The Lee Resolution
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The Lee Resolution, adopted by the Second Continental Congress on July 2, 1776, formally declared the independence of Great Britains North American colonies.
The language of the Lee Resolution of Independence was largely drafted at a Virginia Convention meeting in Williamsburg, Virginia, on May 15, 1776. The Lee Resolution contained three parts:
- that the colonies be independent from Great Britain
- that alliances with sympathetic countries be formed, and
- that a plan of government for the United Colonies be drafted and sent to the individual colonies for consideration and approval.
The Lee Resolution of Independence was proposed on June 7, 1776, but not adopted until July 2, 1776. Although support for full-scale independence had gathered momentum throughout the colonies since the publication of Common Sense by Thomas Paine in January of 1776, not all colonial assemblies had officially voted support, including the crucially important ones of New York, Pennsylvania, and New Jersey.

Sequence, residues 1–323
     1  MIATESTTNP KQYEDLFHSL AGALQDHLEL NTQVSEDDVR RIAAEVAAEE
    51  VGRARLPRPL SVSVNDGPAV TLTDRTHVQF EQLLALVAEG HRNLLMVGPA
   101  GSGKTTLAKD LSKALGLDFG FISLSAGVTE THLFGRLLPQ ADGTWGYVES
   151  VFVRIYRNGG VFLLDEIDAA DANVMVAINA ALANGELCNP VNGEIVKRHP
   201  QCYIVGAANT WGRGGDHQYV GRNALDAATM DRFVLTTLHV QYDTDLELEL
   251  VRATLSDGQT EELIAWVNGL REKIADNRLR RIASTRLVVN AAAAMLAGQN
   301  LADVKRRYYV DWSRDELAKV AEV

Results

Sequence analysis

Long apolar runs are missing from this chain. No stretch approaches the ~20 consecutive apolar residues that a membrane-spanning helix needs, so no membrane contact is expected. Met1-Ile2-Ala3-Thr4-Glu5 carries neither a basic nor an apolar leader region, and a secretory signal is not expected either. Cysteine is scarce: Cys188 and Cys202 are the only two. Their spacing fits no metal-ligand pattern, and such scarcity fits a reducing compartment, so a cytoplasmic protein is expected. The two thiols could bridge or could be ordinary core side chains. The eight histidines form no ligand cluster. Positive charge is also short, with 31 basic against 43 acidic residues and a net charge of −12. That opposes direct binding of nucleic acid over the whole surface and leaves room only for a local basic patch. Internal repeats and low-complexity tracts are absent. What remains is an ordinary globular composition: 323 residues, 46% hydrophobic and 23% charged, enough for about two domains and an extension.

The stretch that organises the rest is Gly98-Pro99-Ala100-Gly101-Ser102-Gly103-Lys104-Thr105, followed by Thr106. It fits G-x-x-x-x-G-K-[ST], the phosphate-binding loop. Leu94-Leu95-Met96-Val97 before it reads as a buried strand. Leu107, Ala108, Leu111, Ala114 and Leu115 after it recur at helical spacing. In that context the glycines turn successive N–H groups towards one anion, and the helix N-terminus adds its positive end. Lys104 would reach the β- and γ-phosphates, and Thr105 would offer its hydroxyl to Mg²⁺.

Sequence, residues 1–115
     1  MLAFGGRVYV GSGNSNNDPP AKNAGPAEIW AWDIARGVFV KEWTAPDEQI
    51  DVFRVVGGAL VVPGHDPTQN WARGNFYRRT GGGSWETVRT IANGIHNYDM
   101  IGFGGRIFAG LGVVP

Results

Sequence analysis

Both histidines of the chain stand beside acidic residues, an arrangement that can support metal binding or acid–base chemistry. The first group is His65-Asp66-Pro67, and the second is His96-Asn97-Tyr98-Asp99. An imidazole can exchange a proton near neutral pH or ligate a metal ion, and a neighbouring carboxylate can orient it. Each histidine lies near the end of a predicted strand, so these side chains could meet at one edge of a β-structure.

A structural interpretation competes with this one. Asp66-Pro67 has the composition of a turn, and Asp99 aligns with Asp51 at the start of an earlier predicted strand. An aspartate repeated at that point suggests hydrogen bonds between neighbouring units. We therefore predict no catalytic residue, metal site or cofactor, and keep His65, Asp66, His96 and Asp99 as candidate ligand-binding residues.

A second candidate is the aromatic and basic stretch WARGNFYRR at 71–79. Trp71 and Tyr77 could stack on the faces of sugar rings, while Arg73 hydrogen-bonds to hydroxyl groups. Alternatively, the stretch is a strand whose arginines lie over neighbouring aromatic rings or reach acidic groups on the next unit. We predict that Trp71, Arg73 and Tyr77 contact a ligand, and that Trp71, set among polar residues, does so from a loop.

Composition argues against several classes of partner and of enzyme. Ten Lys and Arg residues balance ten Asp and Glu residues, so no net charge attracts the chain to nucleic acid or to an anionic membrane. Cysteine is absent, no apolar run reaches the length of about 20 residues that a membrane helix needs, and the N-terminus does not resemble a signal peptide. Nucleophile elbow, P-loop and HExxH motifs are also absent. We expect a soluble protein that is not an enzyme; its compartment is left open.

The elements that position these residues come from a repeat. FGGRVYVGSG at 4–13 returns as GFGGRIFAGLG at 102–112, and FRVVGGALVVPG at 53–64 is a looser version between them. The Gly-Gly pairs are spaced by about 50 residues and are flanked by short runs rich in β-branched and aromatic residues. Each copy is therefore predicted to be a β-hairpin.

During June 1776, most of the hesitant colonies instructed their delegates to support independence. On July 2, 1776, when the Lee Resolution of Independence was finally brought to a vote, twelve of the thirteen colonies voted for it. New York delegates abstained, still having no instructions from the New York Provincial Congress. This came on July 9, 1776, at which point the Lee Resolution for Independence became unanimous.
After its introduction at the Second Continental Congress in Philadelphia on June 7, 1776, a small committee was appointed to prepare a formal communication that would explain the reasons for independence. This document -- essentially a press release -- became the Declaration of Independence.
June 7, 1776
Resolved, That these United Colonies are, and of right ought to be, free and independent States, that they are absolved from all allegiance to the British Crown, and that all political connection between them and the State of Great Britain is, and ought to be, totally dissolved.
That it is expedient forthwith to take the most effectual measures for forming foreign Alliances.
That a plan of confederation be prepared and transmitted to the respective Colonies for their consideration and approbation.